BRIGHTON — Students in School District 27J continue to make academic progress although district officials would like to see more.
Results from the 2013 Transitional Colorado Assessment Program show students doubled the number of scores at or above state average and reached or maintained district highs on 12 different tests.
“I’m very, very excited by the trend data we’ve seen over the last five years,” Superintendent Chris Fiedler said. “I think its very strong evidence that what we’re doing is working in the classrooms. That is a tribute to our teachers and support staff, our parents and our principals and Mr. Kelly Corbett and Mr. Will Pierce.
The district met or exceeded the state average in six tests — third, fourth and fifth grade reading; fourth grade writing along with third and fourth grade math — doubling scores that met or exceeded the state average from three tests last year. Five years ago, only one score met or exceeded the state average in the district.
The district also achieved all-time highs on 12 tests where students scored proficient or advanced. Fifth grade reading increased 3.4 percent to 70.1 percent, ninth grade reading increased 1.5 percent to 62.5 percent, tenth grade reading increased 14.6 percent to 73.6 percent, fourth grade writing increased 10.1 percent to 55.2 percent, tenth grade writing increased 2.9 percent to 37.9 percent and tenth grade math increased 4 percent to 22.1 percent.
Three of these scores – fourth grade reading, ninth grade writing and fifth grade math have continued to improve their all-time highs over the last three years. Fourth grade reading increased 2.8 percent to 65.2 percent, ninth grade writing increased 7.1 percent to 46.4 percent and fifth grade math increased 1.8 percent to 64.1 percent. Ninth grade math maintained last year’s all-time high score of 29.6 percent.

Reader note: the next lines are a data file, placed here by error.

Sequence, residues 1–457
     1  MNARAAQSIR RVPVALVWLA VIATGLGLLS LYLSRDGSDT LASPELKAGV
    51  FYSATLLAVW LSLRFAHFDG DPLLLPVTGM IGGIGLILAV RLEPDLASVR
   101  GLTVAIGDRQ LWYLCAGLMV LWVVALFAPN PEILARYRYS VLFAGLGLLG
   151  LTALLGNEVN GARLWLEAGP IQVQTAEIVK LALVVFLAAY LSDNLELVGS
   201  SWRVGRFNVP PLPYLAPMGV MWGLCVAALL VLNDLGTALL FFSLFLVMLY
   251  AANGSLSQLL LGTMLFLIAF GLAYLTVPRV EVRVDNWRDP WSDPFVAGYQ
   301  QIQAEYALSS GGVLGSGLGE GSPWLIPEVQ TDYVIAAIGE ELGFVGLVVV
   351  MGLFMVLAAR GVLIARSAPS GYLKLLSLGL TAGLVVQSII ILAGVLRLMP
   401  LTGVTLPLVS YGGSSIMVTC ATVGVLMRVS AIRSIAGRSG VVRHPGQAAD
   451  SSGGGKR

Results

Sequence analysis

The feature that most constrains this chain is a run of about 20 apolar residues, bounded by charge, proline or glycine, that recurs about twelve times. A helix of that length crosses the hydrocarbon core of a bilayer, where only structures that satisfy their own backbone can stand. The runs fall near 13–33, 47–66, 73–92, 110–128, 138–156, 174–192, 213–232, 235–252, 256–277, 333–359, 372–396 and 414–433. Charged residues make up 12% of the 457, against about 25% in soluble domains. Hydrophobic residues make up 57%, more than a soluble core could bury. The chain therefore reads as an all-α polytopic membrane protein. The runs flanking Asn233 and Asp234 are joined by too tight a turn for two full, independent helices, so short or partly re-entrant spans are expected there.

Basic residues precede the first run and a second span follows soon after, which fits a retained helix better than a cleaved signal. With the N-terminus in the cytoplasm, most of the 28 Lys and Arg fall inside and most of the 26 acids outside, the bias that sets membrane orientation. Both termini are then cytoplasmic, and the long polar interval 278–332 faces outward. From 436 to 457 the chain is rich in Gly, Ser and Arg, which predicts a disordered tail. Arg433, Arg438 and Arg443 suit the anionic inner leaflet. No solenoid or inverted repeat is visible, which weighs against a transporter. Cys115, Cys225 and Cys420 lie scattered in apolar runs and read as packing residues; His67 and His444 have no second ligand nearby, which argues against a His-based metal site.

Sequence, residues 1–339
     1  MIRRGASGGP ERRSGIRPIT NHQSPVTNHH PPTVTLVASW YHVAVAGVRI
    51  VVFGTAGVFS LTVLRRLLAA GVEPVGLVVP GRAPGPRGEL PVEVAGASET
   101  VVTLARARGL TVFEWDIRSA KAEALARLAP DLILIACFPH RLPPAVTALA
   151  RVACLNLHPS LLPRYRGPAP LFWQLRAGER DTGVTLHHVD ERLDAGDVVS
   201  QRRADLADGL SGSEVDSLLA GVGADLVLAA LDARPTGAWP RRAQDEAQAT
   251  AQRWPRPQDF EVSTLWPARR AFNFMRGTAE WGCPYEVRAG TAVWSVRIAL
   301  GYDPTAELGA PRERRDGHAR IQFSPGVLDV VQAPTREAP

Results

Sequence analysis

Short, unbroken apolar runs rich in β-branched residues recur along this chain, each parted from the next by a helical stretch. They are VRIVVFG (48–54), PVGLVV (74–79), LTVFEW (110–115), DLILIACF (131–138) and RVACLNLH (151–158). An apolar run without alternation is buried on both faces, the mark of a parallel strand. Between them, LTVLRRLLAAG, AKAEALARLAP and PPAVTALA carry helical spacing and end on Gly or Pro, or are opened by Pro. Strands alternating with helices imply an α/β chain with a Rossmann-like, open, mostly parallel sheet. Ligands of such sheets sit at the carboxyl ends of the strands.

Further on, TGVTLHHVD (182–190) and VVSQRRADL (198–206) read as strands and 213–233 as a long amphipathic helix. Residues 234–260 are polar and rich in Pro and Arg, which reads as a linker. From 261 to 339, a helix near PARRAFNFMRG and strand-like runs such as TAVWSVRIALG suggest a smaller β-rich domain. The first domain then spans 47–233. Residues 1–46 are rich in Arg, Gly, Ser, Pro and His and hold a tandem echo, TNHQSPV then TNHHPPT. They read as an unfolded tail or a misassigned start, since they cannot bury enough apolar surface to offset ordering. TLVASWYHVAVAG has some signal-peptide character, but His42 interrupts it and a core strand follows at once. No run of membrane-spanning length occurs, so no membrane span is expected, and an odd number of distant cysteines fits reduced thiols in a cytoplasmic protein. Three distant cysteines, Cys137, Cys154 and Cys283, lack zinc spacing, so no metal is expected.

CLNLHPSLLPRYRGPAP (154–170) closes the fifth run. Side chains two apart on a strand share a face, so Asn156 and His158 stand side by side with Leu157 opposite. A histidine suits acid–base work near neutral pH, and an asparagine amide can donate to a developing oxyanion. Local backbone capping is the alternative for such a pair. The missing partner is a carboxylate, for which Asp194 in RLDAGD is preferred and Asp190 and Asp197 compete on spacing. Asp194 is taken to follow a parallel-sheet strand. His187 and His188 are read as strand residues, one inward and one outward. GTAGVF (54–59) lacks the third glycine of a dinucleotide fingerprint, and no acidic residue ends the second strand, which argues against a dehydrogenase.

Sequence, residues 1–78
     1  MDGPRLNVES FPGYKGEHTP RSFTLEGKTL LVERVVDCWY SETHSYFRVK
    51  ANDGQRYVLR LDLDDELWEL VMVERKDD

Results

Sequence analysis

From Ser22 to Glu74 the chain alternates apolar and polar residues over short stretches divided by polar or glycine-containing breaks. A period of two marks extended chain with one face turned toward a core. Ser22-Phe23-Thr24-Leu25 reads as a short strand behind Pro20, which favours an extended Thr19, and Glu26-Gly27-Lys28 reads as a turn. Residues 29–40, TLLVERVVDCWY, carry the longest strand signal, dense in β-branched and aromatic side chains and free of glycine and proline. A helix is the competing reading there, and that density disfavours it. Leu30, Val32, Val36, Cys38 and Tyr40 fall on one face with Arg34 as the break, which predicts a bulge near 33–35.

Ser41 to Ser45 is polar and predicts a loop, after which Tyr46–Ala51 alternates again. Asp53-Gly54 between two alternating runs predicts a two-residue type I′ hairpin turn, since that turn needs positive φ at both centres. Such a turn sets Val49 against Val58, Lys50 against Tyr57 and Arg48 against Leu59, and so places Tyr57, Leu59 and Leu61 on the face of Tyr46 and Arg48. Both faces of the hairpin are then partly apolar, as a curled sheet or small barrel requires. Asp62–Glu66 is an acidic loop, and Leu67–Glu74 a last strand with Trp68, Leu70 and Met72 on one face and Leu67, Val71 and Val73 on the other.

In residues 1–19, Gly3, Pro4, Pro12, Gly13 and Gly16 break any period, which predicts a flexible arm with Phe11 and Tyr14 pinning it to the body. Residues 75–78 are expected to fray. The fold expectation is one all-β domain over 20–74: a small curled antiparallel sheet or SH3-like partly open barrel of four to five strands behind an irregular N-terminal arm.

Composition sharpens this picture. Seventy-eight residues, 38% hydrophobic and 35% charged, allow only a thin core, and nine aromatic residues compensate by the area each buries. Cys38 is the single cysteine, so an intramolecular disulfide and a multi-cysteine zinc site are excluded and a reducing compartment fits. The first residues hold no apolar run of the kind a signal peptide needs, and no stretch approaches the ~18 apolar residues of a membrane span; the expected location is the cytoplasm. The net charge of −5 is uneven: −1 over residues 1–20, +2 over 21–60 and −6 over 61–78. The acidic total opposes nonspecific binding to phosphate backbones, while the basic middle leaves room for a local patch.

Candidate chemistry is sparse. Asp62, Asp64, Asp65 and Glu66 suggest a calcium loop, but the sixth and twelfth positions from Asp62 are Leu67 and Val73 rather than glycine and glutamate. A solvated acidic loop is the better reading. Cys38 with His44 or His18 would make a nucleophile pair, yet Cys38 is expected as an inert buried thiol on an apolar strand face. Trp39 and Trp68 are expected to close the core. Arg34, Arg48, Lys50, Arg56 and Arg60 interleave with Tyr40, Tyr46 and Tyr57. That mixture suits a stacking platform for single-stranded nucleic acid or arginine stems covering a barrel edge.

In addition to the district’s highest scores, eight scores also saw improvement. Seventh grade reading improved 1 percent to 60.3 percent, sixth grade writing increased 2 percent to 47.3 percent, seventh grade writing improved 2 percent to 53.1 percent, eighth grade writing increased 0.8 percent to 43.6 percent, sixth grade math improved 0.9 percent to 52.9 percent, seventh grade math increased 0.6 percent to 41.4 percent, eighth grade science increased 2.3 percent to 40.6 percent and tenth grade science increased 0.5 percent to 39.3 percent.
The district also saw a decrease in the number of scores that declined from nine in 2012 to six this year. Among the scores are third grade writing which is down 5.2 percent to 48.1 percent, fifth grade writing which is down 0.8 percent to 55.8, eighth grade math which is down 4.7 percent to 39.4 percent and fifth grade science which is down 1.8 percent to 39.8 percent.
Sixth and eight grade reading levels also so a slight decrease with scores dropping 0.6 percent to 65.9 percent and 0.4 percent to 57.8 percent respectively.
Third grade math and reading scores also declined slightly from 73.2 percent in 2012 to 72.4 percent in 2013 and from 76.3 percent in 2012 to 73.6 percent in 2013, respectively, but still remain above the state average.
Fiedler attributes much of the success to the implementation of the thinking classrooms, where teachers utilize best practices to engage students in learning and making sure learning targets are clear for them. He said these academic gains have occurred at a time where the districts revenue has declined over the last four years and is pleased to see students are doing so well.
As for the growth scores on the TCAP, Fiedler said the scores are close but “we’re not there yet.” The median growth percentile for reading and writing increased slightly over last year with math moving from 43 to 48 and writing moving from 44 to 45. The median growth percentile for math decreased from 49 last year to 46 this year.
“Obviously, I would like to see us get to the point where at 50th percentile or higher,” he said. “It’s one of the board’s goals for us as an organization — to demonstrate a year’s growth for all students and that is the 50th percentile in reading, writing and math.”